European regulators have approved the once-a-day HIV pill Atripla, which combines three existing drugs (efavirenz, tenofovir and emtricitabine). The pill will soon be available to HIV patients in a number of European countries, BBC News reports.
Atripla was approved in the United States in July last year and is now given to about half of all newly diagnosed HIV patients.
Early HIV drug therapy required patients to take as many as 30 pills on an empty stomach at different times, BBC News reported. That had been reduced to just several pills a day for newly-diagnosed HIV patients. This new pill further simplifies the mediation regimen.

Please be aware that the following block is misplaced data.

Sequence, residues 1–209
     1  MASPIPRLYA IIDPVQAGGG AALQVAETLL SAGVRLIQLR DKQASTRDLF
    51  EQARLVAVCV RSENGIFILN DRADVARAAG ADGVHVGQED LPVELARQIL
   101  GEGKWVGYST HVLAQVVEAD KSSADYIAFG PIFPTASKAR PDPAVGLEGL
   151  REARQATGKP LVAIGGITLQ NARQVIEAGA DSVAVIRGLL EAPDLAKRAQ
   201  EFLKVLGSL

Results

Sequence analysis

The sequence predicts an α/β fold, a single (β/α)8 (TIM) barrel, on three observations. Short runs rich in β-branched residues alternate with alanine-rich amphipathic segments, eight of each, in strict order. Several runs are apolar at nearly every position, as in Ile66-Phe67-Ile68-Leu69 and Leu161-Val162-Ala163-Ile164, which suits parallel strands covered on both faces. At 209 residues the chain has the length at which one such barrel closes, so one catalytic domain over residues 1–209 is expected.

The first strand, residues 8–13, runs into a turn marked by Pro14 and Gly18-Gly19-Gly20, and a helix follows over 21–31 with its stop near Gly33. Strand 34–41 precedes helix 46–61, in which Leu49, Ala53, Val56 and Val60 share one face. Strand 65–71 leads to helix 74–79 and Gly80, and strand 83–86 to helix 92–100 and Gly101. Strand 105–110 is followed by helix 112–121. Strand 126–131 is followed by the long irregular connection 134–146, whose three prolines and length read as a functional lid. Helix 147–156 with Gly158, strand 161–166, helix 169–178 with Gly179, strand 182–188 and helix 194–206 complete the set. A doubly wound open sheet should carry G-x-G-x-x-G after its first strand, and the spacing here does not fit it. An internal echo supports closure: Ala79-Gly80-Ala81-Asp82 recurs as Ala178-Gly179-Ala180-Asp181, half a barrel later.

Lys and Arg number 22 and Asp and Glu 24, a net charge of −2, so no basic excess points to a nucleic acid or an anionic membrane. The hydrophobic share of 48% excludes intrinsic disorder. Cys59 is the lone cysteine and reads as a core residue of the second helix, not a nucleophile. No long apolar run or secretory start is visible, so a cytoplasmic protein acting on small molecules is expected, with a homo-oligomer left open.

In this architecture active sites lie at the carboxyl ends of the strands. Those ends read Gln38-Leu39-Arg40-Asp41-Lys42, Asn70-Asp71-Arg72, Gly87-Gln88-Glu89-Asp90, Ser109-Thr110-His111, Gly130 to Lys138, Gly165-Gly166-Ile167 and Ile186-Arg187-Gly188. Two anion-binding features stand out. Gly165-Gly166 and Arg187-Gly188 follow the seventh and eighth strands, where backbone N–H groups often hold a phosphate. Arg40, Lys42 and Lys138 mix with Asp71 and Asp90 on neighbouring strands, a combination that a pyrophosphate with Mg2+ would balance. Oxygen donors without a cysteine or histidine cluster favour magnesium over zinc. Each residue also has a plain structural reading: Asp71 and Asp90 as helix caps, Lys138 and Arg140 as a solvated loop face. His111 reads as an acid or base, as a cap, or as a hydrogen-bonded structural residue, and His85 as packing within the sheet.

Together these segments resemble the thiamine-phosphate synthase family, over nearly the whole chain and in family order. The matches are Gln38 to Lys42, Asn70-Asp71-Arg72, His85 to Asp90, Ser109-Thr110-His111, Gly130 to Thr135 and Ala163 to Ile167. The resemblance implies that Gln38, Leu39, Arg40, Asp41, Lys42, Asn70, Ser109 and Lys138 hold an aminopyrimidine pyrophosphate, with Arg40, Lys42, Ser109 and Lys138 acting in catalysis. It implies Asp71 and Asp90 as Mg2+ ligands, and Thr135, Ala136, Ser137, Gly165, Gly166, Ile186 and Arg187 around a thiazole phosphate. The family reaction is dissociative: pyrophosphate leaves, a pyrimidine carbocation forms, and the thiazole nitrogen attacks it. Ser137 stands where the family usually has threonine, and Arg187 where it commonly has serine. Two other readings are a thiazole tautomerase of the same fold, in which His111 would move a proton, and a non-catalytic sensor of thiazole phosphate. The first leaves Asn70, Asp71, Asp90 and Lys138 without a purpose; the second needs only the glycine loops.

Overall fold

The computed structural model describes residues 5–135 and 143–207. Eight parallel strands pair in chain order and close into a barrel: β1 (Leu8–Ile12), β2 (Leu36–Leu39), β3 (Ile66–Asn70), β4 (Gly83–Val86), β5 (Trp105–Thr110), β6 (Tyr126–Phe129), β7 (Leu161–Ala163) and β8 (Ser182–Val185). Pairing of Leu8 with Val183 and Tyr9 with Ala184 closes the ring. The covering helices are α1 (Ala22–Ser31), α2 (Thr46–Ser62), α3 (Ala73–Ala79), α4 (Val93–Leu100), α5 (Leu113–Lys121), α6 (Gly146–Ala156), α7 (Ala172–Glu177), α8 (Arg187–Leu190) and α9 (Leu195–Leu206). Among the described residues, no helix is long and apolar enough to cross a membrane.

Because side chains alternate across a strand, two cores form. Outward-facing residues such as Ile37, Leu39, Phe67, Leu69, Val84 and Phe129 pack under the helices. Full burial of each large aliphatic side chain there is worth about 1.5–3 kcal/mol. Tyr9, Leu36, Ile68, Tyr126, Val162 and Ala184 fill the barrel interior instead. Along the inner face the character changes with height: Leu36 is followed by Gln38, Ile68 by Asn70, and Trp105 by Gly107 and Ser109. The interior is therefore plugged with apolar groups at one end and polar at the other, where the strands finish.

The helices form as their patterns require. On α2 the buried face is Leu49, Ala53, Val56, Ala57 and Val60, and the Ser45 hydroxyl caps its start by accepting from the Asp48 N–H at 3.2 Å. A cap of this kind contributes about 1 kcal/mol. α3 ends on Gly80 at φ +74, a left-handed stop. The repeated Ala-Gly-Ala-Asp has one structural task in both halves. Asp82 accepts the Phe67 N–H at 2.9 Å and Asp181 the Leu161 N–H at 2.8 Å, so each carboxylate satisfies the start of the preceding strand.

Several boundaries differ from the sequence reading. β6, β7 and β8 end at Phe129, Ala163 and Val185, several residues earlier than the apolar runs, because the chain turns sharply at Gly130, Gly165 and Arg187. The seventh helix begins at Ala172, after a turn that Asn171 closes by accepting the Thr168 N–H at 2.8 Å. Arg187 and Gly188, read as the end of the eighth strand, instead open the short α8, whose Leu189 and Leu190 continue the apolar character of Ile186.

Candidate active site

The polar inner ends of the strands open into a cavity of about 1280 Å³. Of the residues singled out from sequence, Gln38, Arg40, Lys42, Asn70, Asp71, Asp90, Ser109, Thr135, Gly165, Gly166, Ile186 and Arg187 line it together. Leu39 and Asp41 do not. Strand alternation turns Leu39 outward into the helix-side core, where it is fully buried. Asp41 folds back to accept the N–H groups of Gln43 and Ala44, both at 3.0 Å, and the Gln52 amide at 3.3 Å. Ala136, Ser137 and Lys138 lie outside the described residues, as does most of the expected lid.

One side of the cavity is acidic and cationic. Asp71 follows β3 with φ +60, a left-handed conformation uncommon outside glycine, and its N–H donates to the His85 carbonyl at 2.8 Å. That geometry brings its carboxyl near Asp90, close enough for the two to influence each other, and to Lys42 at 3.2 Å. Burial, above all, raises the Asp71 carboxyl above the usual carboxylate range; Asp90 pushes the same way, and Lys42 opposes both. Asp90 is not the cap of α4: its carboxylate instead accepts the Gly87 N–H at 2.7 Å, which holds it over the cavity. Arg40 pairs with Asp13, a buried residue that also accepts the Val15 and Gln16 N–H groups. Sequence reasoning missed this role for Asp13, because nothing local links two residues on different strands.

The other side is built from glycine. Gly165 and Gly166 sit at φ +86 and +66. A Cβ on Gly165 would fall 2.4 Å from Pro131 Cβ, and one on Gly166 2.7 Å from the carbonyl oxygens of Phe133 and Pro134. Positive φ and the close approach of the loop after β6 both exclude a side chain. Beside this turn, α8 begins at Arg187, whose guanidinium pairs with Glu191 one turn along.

Atripla was developed through a collaboration of three drug makers - Gilead Sciences, Bristol-Myers Squibb and Merck.
"This is a big advance for patients. It almost normalises HIV," says Dr Simon Portsmouth, a leading HIV consultant.
Atripla is not yet available in South Africa.
Even though a generic version of Atripla could be brought to market in South Africa relatively quickly, regulatory delays and licensing difficulties are likely to significantly delay the process.